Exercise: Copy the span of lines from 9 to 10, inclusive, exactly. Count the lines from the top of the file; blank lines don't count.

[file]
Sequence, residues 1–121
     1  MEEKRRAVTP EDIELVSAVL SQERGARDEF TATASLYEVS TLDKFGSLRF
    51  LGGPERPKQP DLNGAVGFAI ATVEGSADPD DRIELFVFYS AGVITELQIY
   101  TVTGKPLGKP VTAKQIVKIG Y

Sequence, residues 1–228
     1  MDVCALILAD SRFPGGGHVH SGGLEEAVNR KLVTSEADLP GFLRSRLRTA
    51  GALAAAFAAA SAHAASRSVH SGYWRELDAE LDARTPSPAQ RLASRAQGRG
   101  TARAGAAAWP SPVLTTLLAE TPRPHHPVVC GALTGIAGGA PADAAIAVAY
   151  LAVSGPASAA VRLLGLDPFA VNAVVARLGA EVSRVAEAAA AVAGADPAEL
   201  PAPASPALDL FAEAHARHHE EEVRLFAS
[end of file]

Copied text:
   151  LAVSGPASAA VRLLGLDPFA VNAVVARLGA EVSRVAEAAA AVAGADPAEL
   201  PAPASPALDL FAEAHARHHE EEVRLFAS